I can link it the way we rolled out the new QuickBooks online has a brand new UI. It had, for the last decade, one version of the UI and now it has the new UI. We’re calling it, a design pattern Harmony. We actually rolled out and brought Harmony to all our products.
So if you use QuickBooks online today on the browser, tablet, or on your phone, or any devices, it all looks and feels and smells and tastes the same. So as an end user, you will have a comfortable experience. But we really eased in to that, so we rolled it out only to a very small set of users. We really did a lot of UI and feedback tests. It wasn’t just change the UI overnight.
We slowly rolled that out and got more and more feedback and more and more refinements on it. But in a weird way, it actually probably rolled out faster and more successfully because of taking that slower path than to just one night, just flip it on for the users and you realize all the things you did wrong. And then you spend two years playing catch up and just turn into an ugly mess versus easing into it.
Jimmy: So what type of involvement do your users have over these types of updates and changes?
David: Definitely, we use ability lapse. We bring a lot of users in. We let the new QuickBooks online, as this is rolling out, we let people opt in and opt out in a forty-day rolling window where they can try it out or switch back to the old one. So we let existing users opt out because not everybody is comfortable with change right away.
But overall, we listen to our customers. We used User Voice. It’s an app to get feedback for features that people want for QuickBooks online. We definitely involve them in the process along the whole, entire path.
Jimmy: In those little shifts, one of the biggest things that at GetApp that we see is that there’s probably one of the two crucial things that determine whether a person ends up clicking through to a software’s website is reviews that they may have; but the second thing is integrations. So if there’s a company on GetApp that has lots of reviews, whether a good mix of great reviews and you’re always going to have some bad reviews, but we find that that and then integrations, how many other services do they integrate with are two very big components whether somebody decides to go through to discovering a new service.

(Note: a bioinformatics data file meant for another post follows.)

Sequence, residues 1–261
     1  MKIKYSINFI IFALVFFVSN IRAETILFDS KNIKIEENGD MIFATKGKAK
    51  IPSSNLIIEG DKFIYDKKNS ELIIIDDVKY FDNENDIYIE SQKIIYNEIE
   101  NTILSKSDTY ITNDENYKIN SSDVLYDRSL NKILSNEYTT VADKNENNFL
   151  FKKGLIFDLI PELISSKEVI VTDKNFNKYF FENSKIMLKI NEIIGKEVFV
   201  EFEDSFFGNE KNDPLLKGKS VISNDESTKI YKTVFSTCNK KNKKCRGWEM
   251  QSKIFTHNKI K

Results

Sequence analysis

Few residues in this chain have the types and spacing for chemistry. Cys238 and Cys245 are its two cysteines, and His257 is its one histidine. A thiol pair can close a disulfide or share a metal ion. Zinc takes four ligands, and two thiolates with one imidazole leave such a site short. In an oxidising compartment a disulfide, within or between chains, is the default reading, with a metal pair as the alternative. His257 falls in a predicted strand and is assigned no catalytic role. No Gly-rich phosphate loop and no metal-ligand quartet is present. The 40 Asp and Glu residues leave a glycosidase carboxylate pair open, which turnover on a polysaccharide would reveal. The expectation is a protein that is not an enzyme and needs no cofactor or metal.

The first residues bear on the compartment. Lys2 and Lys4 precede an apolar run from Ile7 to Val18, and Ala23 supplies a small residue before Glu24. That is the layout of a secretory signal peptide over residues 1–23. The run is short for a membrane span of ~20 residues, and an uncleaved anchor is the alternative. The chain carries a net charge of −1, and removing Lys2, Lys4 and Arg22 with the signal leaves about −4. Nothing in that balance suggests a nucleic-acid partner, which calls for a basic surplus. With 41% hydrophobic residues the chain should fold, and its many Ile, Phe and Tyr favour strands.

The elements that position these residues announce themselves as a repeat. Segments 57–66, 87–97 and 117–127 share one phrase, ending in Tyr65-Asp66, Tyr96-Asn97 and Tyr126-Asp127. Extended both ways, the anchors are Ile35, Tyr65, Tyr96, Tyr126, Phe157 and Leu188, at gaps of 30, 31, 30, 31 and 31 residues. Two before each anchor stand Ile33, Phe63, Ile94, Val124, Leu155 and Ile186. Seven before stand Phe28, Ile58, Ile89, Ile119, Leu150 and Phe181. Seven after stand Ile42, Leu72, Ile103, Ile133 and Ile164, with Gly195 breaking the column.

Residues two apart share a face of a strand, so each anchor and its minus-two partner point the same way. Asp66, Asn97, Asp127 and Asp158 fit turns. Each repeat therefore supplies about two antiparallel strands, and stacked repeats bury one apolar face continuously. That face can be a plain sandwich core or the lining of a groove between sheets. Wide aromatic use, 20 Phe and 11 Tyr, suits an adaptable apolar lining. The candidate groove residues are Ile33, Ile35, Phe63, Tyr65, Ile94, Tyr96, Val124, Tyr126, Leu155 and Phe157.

With QuickBooks, the first question is, who do you guys integrate with? But let’s cut that down to, what are the biggest integrations that are being used most by your users for QuickBooks?
David: So basic integration is probably our own. So we have a parallel product that used to be a parallel company we acquired, called PayCycle, eight or ten years ago. That’s a saas-based payroll product. It looks, smells, and feels like QuickBooks online but to some extent, that’s an integration because you can just get QuickBooks online payroll separate from QuickBooks online. So the biggest integrations is our own products that we integrate on top of that.
Some of the other big integrations we have are American Express, Square. These are big, huge, huge company-type integrations. Some of the other ones, that are maybe the next level down, are companies that aren’t as big as American Express but more of the independent-style developers. You have T-sheets and Smart Bolts.
I’m trying to think of massive integrations. So there are other big ones. It’s always like I get interviews like this and my mind just goes blank. So you see that I’m on Apps.com and it’s easy to see all the apps there. Because I don’t want to leave anybody out – Shoebox, Transaction Pro Importer, Youbility, Fun Box, Tally, Fun and Gates, Bill.com. So there’s a bunch of big integrations that are on there.
Jimmy: That’s cool. How has it been for companies that have built integrations for QuickBooks? Are there some success stories that you dealing directly with these developers that you can share with us?
David: I think we talked a little bit about the accounts receivable, right? That’s a whole category and those developers have done all brand new apps. They didn’t even exist three years ago, to some extent. They’re solving a small business problem that’s probably been there for a long time for small businesses, which is, how do I get people to pay me from my invoices?
So they’re solving that problem that’s existed but nobody can ever solve that before. So I think that as an industry, that’s a huge success that we should all celebrate. It’s an individual app.